Regulations from the Wall Street financial reform law have imposed more than $36 billion in costs on the economy and have created 73 million paperwork hours, according to a new report from the conservative American Action Forum.
The report, which comes a day before Dodd-Frank’s sixth anniversary, found that the law costs about $112 per person or $310 per household, and it would take 36,950 employees working full-time to complete the paperwork required by the law in a single year.
The report’s author, AAF Director of Regulatory Policy Sam Batkins, said that of the hundreds of rulemaking mandates contained in the sweeping financial reform law enacted July 21, 2010, there are at least 61 regulations remaining that could add another $3.3 billion and nearly 1 million paperwork hours to the law’s tally.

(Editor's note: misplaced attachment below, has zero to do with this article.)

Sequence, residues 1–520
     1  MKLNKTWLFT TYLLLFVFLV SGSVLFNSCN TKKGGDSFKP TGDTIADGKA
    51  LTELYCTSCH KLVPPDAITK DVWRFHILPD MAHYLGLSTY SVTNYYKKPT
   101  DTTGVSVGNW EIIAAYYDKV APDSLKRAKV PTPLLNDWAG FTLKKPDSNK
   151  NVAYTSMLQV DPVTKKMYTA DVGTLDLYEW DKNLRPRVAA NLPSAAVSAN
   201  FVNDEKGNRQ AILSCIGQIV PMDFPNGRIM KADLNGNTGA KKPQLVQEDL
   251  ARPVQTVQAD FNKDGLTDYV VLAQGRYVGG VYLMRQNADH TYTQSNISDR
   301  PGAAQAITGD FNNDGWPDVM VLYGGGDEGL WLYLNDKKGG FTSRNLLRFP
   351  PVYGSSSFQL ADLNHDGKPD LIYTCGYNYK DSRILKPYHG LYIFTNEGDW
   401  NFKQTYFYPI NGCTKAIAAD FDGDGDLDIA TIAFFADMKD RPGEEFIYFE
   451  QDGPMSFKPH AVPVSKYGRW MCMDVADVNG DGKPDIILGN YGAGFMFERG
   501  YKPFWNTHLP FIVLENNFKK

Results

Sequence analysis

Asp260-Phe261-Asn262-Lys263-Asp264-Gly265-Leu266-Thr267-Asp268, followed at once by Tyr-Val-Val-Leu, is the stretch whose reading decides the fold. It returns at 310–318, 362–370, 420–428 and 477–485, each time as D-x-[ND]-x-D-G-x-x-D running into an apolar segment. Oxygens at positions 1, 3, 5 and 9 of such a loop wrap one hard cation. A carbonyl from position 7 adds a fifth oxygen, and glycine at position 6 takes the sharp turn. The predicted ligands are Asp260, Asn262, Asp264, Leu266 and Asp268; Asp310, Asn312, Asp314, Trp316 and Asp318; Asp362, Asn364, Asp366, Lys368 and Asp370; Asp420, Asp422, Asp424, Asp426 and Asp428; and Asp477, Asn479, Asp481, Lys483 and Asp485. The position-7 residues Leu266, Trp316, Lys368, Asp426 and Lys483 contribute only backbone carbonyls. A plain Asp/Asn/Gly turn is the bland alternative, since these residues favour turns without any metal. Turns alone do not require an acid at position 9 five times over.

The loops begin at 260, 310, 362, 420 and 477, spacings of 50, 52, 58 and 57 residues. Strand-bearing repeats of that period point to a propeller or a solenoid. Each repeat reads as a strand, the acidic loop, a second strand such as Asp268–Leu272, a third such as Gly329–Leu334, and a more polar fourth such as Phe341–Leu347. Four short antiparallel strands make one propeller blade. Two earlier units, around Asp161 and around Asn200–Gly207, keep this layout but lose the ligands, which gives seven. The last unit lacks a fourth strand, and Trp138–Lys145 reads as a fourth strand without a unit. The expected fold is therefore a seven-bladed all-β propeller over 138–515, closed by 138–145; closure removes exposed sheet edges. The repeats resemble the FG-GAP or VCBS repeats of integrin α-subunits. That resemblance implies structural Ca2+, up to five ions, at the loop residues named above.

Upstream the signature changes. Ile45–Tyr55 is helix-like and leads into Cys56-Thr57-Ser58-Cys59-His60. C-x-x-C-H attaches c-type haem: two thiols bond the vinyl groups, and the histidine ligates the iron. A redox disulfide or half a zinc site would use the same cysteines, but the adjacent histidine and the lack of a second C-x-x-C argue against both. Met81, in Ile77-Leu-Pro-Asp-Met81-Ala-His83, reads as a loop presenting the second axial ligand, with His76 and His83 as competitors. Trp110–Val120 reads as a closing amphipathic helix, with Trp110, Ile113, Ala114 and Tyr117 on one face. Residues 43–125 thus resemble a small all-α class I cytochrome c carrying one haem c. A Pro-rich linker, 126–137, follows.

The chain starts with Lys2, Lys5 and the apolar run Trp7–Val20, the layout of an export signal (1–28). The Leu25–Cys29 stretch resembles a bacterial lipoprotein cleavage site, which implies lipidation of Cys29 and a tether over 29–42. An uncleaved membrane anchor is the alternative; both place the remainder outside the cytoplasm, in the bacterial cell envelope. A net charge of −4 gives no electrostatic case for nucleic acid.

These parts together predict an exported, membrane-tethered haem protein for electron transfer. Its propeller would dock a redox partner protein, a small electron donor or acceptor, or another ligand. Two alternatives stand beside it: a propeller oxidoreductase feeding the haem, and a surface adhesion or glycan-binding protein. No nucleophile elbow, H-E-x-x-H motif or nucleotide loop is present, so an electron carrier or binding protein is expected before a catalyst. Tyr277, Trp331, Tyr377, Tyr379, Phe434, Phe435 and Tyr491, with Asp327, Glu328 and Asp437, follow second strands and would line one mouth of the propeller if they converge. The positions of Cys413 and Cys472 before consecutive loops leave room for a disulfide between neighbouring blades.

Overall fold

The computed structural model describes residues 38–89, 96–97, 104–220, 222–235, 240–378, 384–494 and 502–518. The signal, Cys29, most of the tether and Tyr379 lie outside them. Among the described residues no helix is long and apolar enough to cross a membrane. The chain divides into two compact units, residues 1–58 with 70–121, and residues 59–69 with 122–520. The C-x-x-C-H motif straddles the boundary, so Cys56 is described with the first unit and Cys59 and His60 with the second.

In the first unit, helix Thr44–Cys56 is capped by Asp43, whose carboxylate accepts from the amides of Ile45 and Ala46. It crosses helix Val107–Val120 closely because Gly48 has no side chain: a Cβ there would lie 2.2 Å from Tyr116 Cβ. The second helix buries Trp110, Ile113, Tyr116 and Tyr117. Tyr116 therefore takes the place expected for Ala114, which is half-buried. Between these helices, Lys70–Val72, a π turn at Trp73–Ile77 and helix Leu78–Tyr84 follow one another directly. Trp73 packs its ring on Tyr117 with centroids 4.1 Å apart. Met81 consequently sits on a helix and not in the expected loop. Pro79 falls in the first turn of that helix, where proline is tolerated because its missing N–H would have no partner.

Batkins said the Federal Reserve’s Requirements for Systemically Important Financial Institutions (SIFIs) is the biggest rule still to finalize. Proposed last year, the rule aims to improve capital standards at the largest interconnected financial institutions and carries a cost of $1.5 billion annually. The final rule is due out in December 2016.
Citing the semi-annual regulatory agenda, Batkins said the Securities and Exchange Commission is expected by June to finish rules requiring companies to provide information on payments to foreign governments and corporations for the commercial development of oil, natural gas or minerals.